Monday, February 27, 2012

Famous rez dog

We have a famous rez dog named Kiko! In just one and a half days this video has been viewed nearly 13,000 times from YouTube (probably more if you are reading this a few days later). Some people from YouTube contacted us about liscensing it and some people from Fox and the show "Right This Minute" have contacted us wanting to know if they can use this video on their show. You can see it here.

I guess this blog is about Kiko. She does know how to roll over, by the way — and to sit, shake hands and lay down. The kitchen floor was just too small for her to do it in and so she just scoots around.

She is from the Navajo reservation, she's a rez dog from Crownpoint, N.M. She's about 6 years old and really belongs to my sister, Lisha — but she's my dog too. About six years ago she came to our doorstep as a filthy puppy caked in mud. We don't know where she came from or where  her mother or siblings were. She's been with us ever since. 

We don't know what breed of dog she is, but she does look like part rottweiler. She sheds really bad and she doesn't like it when you blow in her face.

That's how all our dogs have come to us (Zoey, Kobie, Spike and Max). They were stray, mix-breed dogs that were forgotten. There are hundreds of these kinds of dogs on Native reservations everywhere. They hang around grocery stores and eat scraps, they attack live stock, they have puppies under public buildings, they starve to death and they are just part of where I live. It's a problem, but it's ignored. 

Last time I did a story on the rez dog problem — because every writer writes one — Navajo animal control euthanizes 80 percent of all animals they catch. Sometimes they use rifles. Recently they cut back on funds for animal control so that leaves about five animal control employees for our whole reservation which is as big as West Virginia. That means Crownpoint doesn't have animal control, only when they do their random dog roundups every couple of months.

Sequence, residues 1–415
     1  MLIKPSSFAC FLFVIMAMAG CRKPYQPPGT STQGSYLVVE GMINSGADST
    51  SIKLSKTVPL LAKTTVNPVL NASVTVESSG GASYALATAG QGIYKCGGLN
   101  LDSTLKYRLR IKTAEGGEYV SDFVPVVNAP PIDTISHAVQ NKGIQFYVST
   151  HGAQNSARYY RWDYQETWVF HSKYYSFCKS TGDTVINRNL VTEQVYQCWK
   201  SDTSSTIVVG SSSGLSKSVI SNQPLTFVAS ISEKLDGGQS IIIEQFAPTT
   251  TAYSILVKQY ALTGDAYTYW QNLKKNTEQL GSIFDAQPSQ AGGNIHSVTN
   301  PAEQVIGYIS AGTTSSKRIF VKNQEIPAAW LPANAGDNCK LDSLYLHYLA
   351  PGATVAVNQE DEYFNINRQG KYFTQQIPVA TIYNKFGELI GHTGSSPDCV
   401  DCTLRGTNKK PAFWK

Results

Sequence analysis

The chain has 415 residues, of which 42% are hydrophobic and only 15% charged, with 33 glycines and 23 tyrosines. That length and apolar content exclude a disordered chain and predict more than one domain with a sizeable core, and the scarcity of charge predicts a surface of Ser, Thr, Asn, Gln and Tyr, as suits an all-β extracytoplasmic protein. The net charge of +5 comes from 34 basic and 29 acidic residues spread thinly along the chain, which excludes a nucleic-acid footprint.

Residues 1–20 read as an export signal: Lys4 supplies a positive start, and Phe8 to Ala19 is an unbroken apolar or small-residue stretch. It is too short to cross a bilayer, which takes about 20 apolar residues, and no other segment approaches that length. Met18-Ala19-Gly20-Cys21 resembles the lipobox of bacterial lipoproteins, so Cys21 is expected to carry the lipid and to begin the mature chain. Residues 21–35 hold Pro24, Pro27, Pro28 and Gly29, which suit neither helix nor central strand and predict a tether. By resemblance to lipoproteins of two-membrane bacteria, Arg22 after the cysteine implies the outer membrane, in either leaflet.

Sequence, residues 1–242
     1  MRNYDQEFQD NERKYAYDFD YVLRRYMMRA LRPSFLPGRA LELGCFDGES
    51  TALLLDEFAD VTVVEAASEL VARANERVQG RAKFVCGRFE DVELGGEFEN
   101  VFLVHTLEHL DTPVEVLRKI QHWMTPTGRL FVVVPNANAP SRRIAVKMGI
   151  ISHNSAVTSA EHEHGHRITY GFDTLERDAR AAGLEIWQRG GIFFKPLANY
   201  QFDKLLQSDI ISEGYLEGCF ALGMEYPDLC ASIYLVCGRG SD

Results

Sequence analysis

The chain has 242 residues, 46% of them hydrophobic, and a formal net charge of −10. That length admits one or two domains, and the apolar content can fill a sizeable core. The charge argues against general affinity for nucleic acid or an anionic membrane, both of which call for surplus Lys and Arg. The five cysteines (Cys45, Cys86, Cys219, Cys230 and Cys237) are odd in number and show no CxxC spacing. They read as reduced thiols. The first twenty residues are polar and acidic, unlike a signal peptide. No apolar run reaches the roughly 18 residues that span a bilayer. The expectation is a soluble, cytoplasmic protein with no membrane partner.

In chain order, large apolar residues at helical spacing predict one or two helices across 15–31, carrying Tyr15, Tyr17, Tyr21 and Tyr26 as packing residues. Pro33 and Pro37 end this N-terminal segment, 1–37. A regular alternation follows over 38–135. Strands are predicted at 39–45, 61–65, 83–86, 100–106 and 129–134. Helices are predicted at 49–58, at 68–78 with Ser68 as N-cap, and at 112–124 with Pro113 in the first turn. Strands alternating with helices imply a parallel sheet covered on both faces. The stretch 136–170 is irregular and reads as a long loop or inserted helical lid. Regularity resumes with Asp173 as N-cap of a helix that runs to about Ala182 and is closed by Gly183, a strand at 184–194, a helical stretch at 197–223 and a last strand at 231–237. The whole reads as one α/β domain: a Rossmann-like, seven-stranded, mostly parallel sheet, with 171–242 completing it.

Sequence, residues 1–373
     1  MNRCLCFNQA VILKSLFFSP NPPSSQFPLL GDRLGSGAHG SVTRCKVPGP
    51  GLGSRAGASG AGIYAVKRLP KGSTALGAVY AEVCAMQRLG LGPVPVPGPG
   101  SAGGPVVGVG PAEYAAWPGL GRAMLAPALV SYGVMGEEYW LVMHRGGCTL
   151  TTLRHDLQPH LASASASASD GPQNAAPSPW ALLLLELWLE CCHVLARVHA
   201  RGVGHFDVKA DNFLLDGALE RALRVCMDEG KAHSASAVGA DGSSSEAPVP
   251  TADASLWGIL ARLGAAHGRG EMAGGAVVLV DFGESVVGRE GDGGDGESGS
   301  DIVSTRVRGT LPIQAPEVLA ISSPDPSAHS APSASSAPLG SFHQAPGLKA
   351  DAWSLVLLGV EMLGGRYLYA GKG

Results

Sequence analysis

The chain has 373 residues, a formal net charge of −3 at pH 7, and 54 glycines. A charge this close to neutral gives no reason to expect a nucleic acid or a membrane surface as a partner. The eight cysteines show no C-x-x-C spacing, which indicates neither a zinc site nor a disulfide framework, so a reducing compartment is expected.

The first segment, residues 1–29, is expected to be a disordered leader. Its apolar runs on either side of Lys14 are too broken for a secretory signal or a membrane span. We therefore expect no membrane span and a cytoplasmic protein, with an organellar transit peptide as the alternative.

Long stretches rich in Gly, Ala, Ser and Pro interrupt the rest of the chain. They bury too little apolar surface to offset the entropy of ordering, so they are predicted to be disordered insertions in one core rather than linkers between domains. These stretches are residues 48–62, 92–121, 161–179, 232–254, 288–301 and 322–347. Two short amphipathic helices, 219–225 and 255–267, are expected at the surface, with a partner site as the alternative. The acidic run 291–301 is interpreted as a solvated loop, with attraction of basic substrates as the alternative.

I don't know why rez dogs are not respected and treated like dogs that belong to white people. Navajo way says to respect every living and non-living thing, but the dog doesn't get that. They are protectors; they are cute and tolerable when they are puppies; and are forgotten when they are older leaving them to run away, get hurt, die or have puppies every season.

Not all dogs are like this, i.e. Kiko. There are a lot of people like us who love our dogs and put them on YouTube. Many Navajos take good care of their sheep herder dogs and many Navajos treat them like their children and cry when they die. It's just the bad outshines the good here, please don't look down on our nation and people.

Consider getting a pet from the animal shelter.

I hope you enjoyed Kiko's video, we never expected this to get this popular, we just wanted to share it with our friends and family.


  1. Jacelle Ramon-SauberanFebruary 28, 2012 at 12:36 AM

    I totally agree with your blog. Both my dogs are true rez dogs along with my mom's dog and auntie's dogs.
    My mom has had her dog Rooney for about 6 years and he came from a small village on my reservation about 2 1/2 hours from Tucson. He has been the best guard dog and companion ever. :-)

  2. Yes our rez dogs are special to us. Every time Lisha rescues a puppy, a rez puppy, I can't say no when she wants to keep it. She says she'll take care of it but really I end up taking care of them and I love them so much! Kiko and Zoey keep me busy but it's all worth it to see them healthy and happy. Kitty gets jealous at times but he's getting use to them being inside at night.

  3. Every time I bring home a dirty little puppy, it only feels right to take them in. THANK YOU MOM AND DAD for taking care of my pubbies!